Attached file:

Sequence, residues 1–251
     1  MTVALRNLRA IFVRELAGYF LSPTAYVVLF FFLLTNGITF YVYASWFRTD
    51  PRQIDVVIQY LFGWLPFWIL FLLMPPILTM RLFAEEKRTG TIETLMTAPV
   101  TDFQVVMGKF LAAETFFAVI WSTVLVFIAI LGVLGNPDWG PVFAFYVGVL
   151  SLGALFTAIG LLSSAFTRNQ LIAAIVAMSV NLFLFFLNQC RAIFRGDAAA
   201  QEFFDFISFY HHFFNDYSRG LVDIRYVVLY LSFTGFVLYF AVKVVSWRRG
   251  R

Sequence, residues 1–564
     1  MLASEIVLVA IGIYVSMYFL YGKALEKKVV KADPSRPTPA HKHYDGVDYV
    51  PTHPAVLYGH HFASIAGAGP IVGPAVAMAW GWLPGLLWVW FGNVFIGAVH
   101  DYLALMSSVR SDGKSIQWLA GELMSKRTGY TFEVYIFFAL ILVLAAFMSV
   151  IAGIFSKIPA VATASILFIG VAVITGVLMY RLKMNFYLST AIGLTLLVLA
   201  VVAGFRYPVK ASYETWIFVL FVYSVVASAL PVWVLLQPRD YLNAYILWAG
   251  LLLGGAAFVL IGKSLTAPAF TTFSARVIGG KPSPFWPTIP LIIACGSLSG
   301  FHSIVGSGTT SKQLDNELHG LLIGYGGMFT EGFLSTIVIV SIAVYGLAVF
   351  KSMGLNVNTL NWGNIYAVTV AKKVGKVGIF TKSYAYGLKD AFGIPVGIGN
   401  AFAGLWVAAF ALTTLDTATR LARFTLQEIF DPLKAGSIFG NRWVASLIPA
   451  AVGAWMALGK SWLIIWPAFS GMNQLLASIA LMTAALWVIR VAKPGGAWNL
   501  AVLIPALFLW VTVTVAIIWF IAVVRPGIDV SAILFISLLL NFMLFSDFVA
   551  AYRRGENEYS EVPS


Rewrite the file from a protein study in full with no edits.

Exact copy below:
Sequence, residues 1–251
     1  MTVALRNLRA IFVRELAGYF LSPTAYVVLF FFLLTNGITF YVYASWFRTD
    51  PRQIDVVIQY LFGWLPFWIL FLLMPPILTM RLFAEEKRTG TIETLMTAPV
   101  TDFQVVMGKF LAAETFFAVI WSTVLVFIAI LGVLGNPDWG PVFAFYVGVL
   151  SLGALFTAIG LLSSAFTRNQ LIAAIVAMSV NLFLFFLNQC RAIFRGDAAA
   201  QEFFDFISFY HHFFNDYSRG LVDIRYVVLY LSFTGFVLYF AVKVVSWRRG
   251  R

Sequence, residues 1–564
     1  MLASEIVLVA IGIYVSMYFL YGKALEKKVV KADPSRPTPA HKHYDGVDYV
    51  PTHPAVLYGH HFASIAGAGP IVGPAVAMAW GWLPGLLWVW FGNVFIGAVH
   101  DYLALMSSVR SDGKSIQWLA GELMSKRTGY TFEVYIFFAL ILVLAAFMSV
   151  IAGIFSKIPA VATASILFIG VAVITGVLMY RLKMNFYLST AIGLTLLVLA
   201  VVAGFRYPVK ASYETWIFVL FVYSVVASAL PVWVLLQPRD YLNAYILWAG
   251  LLLGGAAFVL IGKSLTAPAF TTFSARVIGG KPSPFWPTIP LIIACGSLSG
   301  FHSIVGSGTT SKQLDNELHG LLIGYGGMFT EGFLSTIVIV SIAVYGLAVF
   351  KSMGLNVNTL NWGNIYAVTV AKKVGKVGIF TKSYAYGLKD AFGIPVGIGN
   401  AFAGLWVAAF ALTTLDTATR LARFTLQEIF DPLKAGSIFG NRWVASLIPA
   451  AVGAWMALGK SWLIIWPAFS GMNQLLASIA LMTAALWVIR VAKPGGAWNL
   501  AVLIPALFLW VTVTVAIIWF IAVVRPGIDV SAILFISLLL NFMLFSDFVA
   551  AYRRGENEYS EVPS